To get an idea of how much you typically spend per year on those non-essentials, open up the Money Saving Expert's Demotivator.

    • Think of three or four things you regularly buy, that wouldn't be an essential spend. This could be a daily coffee, take-away for dinner or even taking the kids to the cinema.
    • Enter the details into The Demotivator
    • Add in your hourly rate if working part-time, if not, put in your student funding for the year.
    • The result will tell you how much this costs over the year and how many weeks you would have to work to pay for this. Bear in mind that the working week is based on 35 hours, so if you only work 12 hours a week, you will have to multiply the total number of weeks by 3 to get the full picture.

    The point of this activity is to get you thinking about how much your non-essentials add up to over the year. It's great to have a treat, give the kids something fun to do and catch-up with friends and family, but think of how much this can add up to, and maybe consider swapping some of those spends for something free or less expensive.

    Reducing the cost of essential spends:

    • Mobile phone contracts – do you really need the latest smartphone at £60 per month? If your phone is in good condition, you could get the same data, texts and calls from a sim only contract from as little as £12 per month.
    • Socialising with friends and family – this doesn’t have to involve a £70 night out, it could be a night in making pizza from scratch with a few shop-bought drinks saving you ££’s
    • Gym Membership – Firstly, do you use it, or could you swap it for a free run along the shoreline? Consider University gym membership. Pay up front for the year and save ££’s.
    • Sky TV Package - whilst this can be a great way to keep the kids entertained while you're catching up on coursework, streaming services can offer as much entertainment for a lot less!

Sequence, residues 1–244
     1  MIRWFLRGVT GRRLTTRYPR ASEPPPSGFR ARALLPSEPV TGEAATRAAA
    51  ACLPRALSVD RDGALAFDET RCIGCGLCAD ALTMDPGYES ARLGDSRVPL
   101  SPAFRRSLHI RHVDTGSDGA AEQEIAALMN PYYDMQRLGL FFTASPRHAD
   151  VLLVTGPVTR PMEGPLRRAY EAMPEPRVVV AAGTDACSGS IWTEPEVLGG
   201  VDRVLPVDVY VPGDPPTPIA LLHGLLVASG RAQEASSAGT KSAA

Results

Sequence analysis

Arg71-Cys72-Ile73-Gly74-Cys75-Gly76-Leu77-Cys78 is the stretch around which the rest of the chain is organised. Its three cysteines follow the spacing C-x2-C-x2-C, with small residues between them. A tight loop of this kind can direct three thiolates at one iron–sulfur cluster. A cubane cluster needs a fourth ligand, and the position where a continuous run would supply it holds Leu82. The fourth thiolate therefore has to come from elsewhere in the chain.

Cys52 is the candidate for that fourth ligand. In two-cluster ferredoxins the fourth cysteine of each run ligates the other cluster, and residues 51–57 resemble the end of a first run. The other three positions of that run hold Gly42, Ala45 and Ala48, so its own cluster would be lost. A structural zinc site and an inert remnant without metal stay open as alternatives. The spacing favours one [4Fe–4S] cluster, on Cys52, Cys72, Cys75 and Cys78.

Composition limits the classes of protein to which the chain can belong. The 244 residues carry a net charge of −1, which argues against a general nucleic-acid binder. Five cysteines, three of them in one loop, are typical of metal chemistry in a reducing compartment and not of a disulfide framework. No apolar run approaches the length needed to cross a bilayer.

• Car – these can be money eaters, from pricey insurance, tax and fuel, to repairs and replacement tyres. Calculate the real cost of running a car against the price of taking the bus or train. Don't forget to apply for your Y-link card (this offers more discounts on travel) or avail of greater discounts by pre-loading a multi-journey travel card, such as SmartLink.
  • Cooking vs. Eating out

    The temptation to call in somewhere on your way home from a long day at Uni can be irresistible.

    The same can be said for getting an extra ten minutes in bed over getting up and making a lunch to bring with you to Uni.

    However, when you look at how much you spend on eating out, you may want to start cooking more and save the eating out for special occasions or treats.

    Cooking vs eating out price comparison

    Bought out

    Price comparison

    Take away Pizza @ £17

    3-4 days groceries (breakfast, lunch and dinner)

    Daily coffee @ £2

    Jar of instant coffee £3.25 (makes approx. 50 cups)

    Bottled water @ £1.50

    Reusable water bottle @ £3 – top up for free from water fountains on campus

    To help in your quest for good food discounts, and cooking on a budget, check out our money saving resources below.

  • Drawing up a Budget

    The What! and Why? of Budgeting

    Budgeting is simply creating a spending plan for your money. This ensures that you will have enough money to meet all your costs, whether, daily, monthly, or yearly. If you can stick to your spending plan, this will help avoid overspending and running the risk of getting into debt, reduce anxiety and stress about being able to pay for things, and allow you to focus your attention on other areas of your life.

    Getting started

    Whether this is your first time creating a budget, or you are returning to study and need to readjust your budget in line with student life, knowing where to start can be the hardest part. Take a couple of minutes and watch this Personal Finance 101 video for tips on getting started.

    Calculating your income

    So now you have an idea of what you need to do, next step is getting prepared to draw up your own personalised budget. Try using a printable template or online  budget planner or just plain old fashioned pen and paper.

    • First thing you want to figure out is how much money you have coming in. The most common income for students would be:
      • Student funding, whether this is your student loan paid in 3 times a year, or your monthly nursing bursary.
      • Part-time wages, paid weekly, fortnightly, or monthly
      • Some students also receive Universal Credit / Child Tax Credits / Personal Independence Payments / Housing Benefit
      • Parental/Familial support - this may not be money coming through, but it's important to acknowledge even a bag of groceries, or a few hours free childcare frees up money for other bills/activities.